By Harmeet Kaur, CNN
More than a decade after the sci-fi blockbuster “Avatar” hit theaters, James Cameron is back with a sequel that once again takes audiences into the lush world of Pandora. But some Indigenous viewers aren’t particularly interested in returning to it.
“Avatar: The Way of Water” and its directors are facing fresh scrutiny from Native audiences, some of whom have criticized the franchise for its “White savior” narrative, use of stereotypes and inadequate representation of Indigenous people.
Yuè Begay, a Navajo artist and activist, called for a boycott of the film in a tweet that’s since received more than 47,000 likes, while Autumn Asher Blackdeer, a scholar from the Southern Cheyenne Nation, compiled a widely shared list of Indigenous-led sci-fi films for viewers to watch instead. Countless others have also weighed in with their own complaints, with some — including Begay — calling out remarks made by Cameron in earlier interviews.
The “Avatar” franchise isn’t subtle in its anti-colonial, anti-imperialist and environmentalist themes — Cameron has said as much, previously referring to the first film as “a science fiction retelling of the history of North and South America in the early colonial period.”
But despite the director’s intentions, critics of “Avatar” feel the films fall short in their execution.
‘Avatar’ is a ‘White savior’ narrative, critics say
The original 2009 film follows protagonist Jake Sully as he’s dispatched to the moon Pandora as part of an imperialist mission. There, he inhabits a new body that mimics the appearance of the Na’vi, the blue humanoid species indigenous to this new environment. As Sully bonds with the Na’vi and falls in love with princess Neytiri, he’s forced to choose between both worlds. In the sequel, Sully is now chief of the Omaticaya clan as he and his family once again come up against the colonial ambitions of the humans.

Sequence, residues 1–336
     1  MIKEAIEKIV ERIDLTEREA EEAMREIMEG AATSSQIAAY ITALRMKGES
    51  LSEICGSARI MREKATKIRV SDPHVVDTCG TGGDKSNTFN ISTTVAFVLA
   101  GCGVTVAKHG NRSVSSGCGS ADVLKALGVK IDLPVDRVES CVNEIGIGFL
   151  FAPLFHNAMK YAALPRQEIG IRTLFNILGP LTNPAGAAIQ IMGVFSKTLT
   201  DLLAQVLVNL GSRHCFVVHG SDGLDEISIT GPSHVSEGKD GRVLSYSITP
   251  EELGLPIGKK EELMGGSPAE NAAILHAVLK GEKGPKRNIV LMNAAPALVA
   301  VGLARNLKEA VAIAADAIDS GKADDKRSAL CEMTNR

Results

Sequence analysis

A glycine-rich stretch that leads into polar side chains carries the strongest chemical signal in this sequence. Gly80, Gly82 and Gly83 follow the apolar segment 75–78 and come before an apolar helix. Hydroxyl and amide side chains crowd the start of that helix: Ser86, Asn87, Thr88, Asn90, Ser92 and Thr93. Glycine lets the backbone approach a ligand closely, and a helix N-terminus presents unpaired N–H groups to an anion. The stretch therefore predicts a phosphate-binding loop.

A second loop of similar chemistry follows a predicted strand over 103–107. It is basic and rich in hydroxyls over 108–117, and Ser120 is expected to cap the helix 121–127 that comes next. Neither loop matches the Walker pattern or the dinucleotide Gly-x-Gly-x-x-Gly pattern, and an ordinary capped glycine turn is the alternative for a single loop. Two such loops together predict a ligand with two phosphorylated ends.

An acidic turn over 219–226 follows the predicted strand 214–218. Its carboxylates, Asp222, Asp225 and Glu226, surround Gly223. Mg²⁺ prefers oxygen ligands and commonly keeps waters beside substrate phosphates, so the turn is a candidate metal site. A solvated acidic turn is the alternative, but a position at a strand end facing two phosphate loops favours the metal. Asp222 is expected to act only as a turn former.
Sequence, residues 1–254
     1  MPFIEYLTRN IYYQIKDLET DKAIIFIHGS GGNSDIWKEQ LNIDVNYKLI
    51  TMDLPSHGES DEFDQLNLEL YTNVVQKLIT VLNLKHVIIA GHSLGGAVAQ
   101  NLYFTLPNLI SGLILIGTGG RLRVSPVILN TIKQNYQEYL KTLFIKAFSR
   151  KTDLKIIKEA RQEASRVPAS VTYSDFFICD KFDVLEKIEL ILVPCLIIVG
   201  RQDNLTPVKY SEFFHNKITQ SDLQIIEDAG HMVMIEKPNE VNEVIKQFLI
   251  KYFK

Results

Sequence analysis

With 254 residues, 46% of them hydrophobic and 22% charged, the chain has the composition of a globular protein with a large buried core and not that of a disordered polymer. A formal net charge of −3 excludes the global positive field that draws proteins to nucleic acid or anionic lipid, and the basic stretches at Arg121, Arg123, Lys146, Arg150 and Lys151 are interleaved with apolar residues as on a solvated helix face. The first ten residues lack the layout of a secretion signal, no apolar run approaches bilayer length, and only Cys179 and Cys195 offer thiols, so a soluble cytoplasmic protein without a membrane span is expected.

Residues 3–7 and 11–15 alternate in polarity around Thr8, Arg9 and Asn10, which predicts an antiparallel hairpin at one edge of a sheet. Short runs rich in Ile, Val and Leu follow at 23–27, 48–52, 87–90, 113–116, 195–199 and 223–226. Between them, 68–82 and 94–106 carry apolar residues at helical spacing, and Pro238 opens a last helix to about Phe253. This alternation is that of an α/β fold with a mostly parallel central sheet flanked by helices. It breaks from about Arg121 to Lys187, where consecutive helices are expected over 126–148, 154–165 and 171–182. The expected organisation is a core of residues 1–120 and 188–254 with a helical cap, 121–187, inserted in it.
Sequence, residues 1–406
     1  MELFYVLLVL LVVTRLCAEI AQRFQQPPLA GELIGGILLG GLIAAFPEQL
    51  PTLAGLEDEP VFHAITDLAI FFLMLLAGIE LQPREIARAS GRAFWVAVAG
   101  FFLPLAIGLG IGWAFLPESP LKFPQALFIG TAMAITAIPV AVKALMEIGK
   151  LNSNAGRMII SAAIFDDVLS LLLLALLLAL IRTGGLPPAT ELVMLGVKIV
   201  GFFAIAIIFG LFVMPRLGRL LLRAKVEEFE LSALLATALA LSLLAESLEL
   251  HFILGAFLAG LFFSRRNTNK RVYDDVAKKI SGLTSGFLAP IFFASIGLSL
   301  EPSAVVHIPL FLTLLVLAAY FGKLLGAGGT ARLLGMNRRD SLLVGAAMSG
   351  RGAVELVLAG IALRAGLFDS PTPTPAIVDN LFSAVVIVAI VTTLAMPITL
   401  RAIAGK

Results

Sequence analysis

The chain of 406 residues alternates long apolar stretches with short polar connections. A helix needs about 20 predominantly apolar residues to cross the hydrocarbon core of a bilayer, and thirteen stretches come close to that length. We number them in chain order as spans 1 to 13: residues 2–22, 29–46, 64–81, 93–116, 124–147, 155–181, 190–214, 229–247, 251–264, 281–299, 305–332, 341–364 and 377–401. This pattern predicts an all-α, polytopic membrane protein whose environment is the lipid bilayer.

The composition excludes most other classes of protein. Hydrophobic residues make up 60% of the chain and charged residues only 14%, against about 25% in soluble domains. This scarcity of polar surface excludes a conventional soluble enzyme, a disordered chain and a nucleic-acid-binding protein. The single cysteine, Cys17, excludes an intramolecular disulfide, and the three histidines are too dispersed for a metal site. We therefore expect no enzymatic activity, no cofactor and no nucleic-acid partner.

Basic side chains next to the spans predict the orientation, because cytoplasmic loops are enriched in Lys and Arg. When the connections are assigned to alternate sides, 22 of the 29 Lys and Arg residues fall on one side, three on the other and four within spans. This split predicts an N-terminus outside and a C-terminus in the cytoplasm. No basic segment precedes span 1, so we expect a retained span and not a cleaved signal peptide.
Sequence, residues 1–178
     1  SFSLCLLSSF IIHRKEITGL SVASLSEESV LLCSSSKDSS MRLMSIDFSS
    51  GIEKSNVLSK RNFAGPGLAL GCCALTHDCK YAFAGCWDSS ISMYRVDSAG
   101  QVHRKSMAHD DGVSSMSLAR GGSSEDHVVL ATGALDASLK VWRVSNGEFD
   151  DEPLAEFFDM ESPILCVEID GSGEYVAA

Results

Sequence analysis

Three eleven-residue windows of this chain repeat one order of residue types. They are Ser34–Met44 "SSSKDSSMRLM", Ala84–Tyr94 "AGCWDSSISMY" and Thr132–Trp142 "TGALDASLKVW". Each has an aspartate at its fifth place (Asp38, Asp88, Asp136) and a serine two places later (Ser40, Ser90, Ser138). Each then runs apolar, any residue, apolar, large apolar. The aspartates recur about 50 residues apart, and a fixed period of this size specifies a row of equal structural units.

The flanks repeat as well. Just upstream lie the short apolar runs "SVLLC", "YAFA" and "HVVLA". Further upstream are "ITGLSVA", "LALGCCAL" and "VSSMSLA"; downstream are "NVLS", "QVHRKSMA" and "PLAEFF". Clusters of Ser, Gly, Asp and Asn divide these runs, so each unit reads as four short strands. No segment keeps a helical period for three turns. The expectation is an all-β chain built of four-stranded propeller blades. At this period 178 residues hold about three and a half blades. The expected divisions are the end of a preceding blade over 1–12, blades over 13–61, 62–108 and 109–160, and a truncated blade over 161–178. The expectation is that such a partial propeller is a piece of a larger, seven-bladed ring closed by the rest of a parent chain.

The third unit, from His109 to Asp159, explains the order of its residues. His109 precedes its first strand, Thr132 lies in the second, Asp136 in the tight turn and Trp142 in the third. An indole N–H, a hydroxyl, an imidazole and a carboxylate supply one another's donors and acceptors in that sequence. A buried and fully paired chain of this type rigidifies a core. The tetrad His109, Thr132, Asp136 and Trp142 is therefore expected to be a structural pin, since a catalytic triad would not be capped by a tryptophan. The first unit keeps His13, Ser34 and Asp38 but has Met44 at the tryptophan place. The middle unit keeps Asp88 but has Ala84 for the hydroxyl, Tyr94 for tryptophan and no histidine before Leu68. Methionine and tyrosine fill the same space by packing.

The decision to center Sully — whose race isn’t explicitly mentioned but whose outsider status is a clear parallel to White settlers — plays into the tired trope of the “White savior” and was a missed opportunity, said Crystal Echo-Hawk, president and CEO of IllumiNative.
“(Cameron) might be telling that story of colonization, but he’s telling it through the lens of a White male,” she told CNN.
By involving more Indigenous people at all levels of production, Echo-Hawk said Cameron might have been able to tell a more authentic story that would have resonated with audiences better.
“It’s a level of arrogance once again that a White filmmaker can just somehow tell a story that’s based on Indigenous peoples better than Indigenous peoples ever could,” she added.
She said her organization IllumiNative, which aims to improve media portrayals of Indigenous people, is in talks with Disney on how the “Avatar” franchise might avoid similar pitfalls in its third installment, set to release 2024.
Others criticize its lack of Indigenous representation
“The Way of Water” does go a little deeper than its predecessor. It introduces the Metkayina people of the reef in a nod to the Māori, in an attempt to showcase the diversity of Indigenous peoples around the world. It also casts Cliff Curtis, who is of Māori descent, as Metkayina chief Tonowari. But many of the other characters are still voiced by White actors.